Hypoxia and the models used to forecast it

“Dead zones”—areas with too little oxygen for most marine life—can occur when nutrients from fertilizers, sewage, and other sources feed algal blooms. When these algae die and sink, their decomposition takes up dissolved oxygen from the water. Scientists refer to these oxygen-poor waters as hypoxic, and to water with no measurable dissolved oxygen as anoxic. Hypoxia is typically most pronounced in deeper waters, and during summer. Learn more about how and why dead zones form.

Low oxygen levels impact marine organisms. Click for larger view.Because even small decreases in dissolved oxygen can significantly impact fish and other marine animals, researchers at the Virginia Institute of Marine Science and elsewhere are working to develop and refine computer models to accurately predict when and where hypoxia may develop. Their goal is to help anglers and other Bay enthusiasts better plan their day-to-day activities.

The Chesapeake Bay Hypoxia Forecast uses a three-dimensional, numerical model to simulate dissolved-oxygen levels in the bottom waters of Chesapeake Bay's main stem. The 3-D model is a component of NOAA's Coastal and Ocean Modeling Testbed, which is itself part of the U.S. Integrated Ocean Observing System (IOOS). The forecast model simulates 3 conditions:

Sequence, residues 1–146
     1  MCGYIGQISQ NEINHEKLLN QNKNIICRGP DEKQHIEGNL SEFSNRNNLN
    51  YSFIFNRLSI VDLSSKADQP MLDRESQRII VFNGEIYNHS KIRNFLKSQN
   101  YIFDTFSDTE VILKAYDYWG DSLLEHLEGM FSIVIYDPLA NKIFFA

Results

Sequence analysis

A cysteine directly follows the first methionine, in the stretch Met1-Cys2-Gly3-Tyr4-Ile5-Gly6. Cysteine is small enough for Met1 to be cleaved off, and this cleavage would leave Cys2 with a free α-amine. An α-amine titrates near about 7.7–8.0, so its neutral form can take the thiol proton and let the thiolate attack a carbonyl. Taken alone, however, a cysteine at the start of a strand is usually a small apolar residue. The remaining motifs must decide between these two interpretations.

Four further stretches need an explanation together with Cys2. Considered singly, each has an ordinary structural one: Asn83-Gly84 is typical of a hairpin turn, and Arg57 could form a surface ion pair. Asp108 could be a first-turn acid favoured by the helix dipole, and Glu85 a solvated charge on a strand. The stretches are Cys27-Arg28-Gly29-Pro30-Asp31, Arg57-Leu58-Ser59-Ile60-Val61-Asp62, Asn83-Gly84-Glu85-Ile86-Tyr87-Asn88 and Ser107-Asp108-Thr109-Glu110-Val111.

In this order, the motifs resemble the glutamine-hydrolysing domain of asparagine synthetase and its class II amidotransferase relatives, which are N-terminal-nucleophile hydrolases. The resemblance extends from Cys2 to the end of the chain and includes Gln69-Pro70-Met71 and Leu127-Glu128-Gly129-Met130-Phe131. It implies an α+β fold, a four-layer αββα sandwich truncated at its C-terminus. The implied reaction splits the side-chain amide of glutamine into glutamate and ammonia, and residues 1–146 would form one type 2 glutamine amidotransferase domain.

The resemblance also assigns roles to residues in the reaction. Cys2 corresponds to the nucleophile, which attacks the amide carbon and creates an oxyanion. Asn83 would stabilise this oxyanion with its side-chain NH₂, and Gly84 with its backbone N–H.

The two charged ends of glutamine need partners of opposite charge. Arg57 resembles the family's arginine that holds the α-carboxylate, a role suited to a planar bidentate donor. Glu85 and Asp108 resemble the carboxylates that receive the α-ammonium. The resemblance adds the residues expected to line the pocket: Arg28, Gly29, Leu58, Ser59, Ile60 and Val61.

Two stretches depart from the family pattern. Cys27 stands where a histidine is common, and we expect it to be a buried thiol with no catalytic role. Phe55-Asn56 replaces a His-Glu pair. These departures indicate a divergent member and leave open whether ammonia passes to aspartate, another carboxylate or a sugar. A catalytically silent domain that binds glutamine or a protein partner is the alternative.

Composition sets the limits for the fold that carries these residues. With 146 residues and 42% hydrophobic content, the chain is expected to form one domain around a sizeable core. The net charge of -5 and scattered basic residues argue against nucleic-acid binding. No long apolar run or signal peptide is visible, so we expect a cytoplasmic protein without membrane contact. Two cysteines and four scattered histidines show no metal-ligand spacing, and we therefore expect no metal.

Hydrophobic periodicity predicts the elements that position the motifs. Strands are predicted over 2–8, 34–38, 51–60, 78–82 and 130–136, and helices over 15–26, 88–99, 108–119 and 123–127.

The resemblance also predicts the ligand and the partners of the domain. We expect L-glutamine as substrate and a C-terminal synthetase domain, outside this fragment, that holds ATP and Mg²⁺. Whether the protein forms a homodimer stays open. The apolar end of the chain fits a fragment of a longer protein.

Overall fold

1. Nowcast: present-day levels of dissolved oxygen in Chesapeake Bay,
  2. 2-Day Forecast: levels of dissolved oxygen in the Bay 2 days from now, and
  3. Forecast Trend: difference between nowcast and forecast (% change over 2 days)

The 3-D model is forced by winds provided by NOAA and river input provided by stream gauges operated by the U.S. Geological Survey (USGS). NOAA forecasts of other Chesapeake Bay parameters are available here. The 3-D model has 20 layers in the vertical and a horizontal resolution of approximately 1 km (0.6 miles). A hydrodynamic component calculates temperature, salinity, and water transport. The model sets dissolved-oxygen levels at the surface to a temperature-based saturation value. It removes dissolved oxygen below the surface by assuming a constant rate of oxygen respiration associated with the decomposition of organic matter.

For more information on the model and its development, contact VIMS professor [[v|marjy,Marjy Friedrichs]], the Principal Investigator of the Estuarine Hypoxia component of the Coastal and Ocean Modeling Testbed.

Both the nowcast and 2-day forecast use light green for high-oxygen, healthy waters and red for low-oxygen, hypoxic waters. The forecast trend shows areas of increasing dissolved oxygen in blue and areas with decreasing levels in red. Units are in percent change per day.